The seventh chapter entitled, “Owning the past? The digital historian’s guide to copyright and intellectual property” covers all issues related to copyright. This chapter covers the history and current state of copyright. However, by far the most useful part of this chapter is the chart describing when different items fall into public domain (pp. 205–206). It includes information on unpublished works and works published in the United States. The chart does not include international copyright information, although that topic is briefly addressed in the text of the chapter.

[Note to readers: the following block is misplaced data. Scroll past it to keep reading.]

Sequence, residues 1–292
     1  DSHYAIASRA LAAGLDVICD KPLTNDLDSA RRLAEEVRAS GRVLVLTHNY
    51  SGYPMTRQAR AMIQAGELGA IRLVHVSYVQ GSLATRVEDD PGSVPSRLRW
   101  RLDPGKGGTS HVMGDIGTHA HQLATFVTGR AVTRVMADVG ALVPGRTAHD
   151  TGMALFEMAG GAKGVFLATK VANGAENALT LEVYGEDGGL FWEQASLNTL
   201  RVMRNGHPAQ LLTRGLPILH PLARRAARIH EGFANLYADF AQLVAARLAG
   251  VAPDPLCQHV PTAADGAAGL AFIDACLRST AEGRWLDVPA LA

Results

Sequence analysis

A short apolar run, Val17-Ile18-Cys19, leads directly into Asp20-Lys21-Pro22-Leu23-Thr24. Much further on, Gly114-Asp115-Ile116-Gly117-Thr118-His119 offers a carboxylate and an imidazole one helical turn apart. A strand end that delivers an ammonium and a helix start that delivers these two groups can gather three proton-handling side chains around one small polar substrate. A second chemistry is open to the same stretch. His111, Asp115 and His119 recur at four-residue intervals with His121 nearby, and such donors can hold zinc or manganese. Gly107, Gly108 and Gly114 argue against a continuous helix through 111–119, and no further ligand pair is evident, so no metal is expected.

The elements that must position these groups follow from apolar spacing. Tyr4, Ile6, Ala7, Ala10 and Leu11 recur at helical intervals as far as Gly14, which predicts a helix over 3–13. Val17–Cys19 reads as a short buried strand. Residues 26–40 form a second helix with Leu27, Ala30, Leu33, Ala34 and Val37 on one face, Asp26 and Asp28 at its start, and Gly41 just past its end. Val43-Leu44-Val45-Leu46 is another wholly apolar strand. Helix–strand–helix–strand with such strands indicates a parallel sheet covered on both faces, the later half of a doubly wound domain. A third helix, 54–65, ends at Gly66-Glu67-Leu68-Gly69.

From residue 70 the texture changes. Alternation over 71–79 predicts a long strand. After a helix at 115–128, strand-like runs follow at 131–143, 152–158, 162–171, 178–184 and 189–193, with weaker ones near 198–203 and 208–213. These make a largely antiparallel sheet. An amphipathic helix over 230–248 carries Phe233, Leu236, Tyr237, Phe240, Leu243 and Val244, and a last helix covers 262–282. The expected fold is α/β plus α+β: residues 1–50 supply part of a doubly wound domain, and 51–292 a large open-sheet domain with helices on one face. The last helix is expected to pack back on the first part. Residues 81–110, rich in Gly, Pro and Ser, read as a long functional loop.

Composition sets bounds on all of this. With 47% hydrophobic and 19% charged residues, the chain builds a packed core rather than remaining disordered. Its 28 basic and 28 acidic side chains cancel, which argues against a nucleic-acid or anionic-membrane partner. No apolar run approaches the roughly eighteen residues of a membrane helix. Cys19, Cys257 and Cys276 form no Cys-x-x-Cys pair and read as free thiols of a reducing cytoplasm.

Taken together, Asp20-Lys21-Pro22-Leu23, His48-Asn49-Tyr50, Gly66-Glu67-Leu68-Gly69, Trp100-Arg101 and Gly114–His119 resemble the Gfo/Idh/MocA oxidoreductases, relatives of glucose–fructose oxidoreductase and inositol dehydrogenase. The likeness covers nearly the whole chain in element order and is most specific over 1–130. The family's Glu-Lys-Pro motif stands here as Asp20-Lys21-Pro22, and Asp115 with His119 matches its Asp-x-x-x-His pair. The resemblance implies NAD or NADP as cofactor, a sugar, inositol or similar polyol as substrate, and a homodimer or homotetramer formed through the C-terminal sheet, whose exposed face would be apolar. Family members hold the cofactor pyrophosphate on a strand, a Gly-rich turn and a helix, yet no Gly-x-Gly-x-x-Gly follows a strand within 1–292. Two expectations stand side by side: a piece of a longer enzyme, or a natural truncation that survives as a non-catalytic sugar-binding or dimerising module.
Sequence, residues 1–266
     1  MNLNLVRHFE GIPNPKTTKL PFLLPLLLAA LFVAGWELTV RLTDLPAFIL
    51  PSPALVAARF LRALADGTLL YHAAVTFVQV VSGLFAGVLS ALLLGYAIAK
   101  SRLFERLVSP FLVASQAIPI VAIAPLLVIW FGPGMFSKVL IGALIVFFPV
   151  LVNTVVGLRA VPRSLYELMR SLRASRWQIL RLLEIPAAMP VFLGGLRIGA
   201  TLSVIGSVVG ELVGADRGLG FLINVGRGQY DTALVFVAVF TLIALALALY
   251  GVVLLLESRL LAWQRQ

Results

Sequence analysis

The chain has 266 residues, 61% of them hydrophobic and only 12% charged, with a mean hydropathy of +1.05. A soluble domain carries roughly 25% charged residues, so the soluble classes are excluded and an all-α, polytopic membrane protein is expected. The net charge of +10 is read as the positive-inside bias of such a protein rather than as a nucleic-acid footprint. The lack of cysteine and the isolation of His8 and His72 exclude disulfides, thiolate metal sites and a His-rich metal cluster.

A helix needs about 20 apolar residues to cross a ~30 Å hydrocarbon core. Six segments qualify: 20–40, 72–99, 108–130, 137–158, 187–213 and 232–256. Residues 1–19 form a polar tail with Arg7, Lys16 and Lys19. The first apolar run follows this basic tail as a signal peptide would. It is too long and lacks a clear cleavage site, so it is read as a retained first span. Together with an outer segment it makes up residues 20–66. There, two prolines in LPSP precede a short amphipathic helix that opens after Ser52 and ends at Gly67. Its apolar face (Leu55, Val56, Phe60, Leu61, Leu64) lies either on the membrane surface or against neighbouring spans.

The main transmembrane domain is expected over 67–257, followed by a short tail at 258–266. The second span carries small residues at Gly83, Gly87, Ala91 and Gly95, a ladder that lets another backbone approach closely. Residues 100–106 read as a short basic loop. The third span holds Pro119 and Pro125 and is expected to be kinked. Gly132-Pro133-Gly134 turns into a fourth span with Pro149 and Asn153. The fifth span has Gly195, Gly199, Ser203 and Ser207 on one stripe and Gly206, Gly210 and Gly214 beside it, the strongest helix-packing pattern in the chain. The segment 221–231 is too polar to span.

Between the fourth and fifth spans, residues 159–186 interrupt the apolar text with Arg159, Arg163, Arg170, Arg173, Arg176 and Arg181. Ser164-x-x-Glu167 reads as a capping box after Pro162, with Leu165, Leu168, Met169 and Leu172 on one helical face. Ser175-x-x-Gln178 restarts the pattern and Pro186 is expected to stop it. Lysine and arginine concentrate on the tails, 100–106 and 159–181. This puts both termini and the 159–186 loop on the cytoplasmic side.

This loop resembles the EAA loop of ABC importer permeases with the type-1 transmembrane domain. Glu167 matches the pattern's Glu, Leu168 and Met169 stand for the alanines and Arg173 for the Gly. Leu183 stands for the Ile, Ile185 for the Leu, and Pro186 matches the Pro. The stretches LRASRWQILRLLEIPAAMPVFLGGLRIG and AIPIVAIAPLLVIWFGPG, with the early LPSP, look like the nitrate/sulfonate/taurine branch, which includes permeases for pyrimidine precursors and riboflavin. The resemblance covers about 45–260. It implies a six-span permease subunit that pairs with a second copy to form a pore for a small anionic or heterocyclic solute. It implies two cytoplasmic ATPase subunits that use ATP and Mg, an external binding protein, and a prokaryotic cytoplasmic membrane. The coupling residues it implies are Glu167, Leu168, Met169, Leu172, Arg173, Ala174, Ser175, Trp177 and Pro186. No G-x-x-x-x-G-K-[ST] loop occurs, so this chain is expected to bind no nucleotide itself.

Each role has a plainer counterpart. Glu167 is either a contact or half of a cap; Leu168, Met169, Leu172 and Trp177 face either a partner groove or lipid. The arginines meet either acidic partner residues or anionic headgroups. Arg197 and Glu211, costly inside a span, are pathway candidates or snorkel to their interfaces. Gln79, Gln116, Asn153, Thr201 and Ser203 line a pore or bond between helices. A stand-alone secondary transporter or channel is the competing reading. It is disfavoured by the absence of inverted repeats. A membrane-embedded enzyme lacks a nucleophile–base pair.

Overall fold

The final chapter, “Preserving digital history: What we can do today to help tomorrow’s historians” addresses the difficulty of preservation when dealing with constantly evolving technology. The authors include real world examples of losses of information through corruption of files, obsolete hardware and software, and loss of passwords. In one case, the “Ivar Aasen Centre of Language and Culture, a literary museum in Norway, lost the ability to use its large, expensive electronic catalog of holdings after the death of the one administrator who knew the two sequential passwords into the system” (p. 223). Although there is no way to ensure that whatever technology you’re using now will be readable in the future, the authors argue that your project’s best chance of survival rests with you, and offer tips for helping ensure your project is not lost once you’re gone.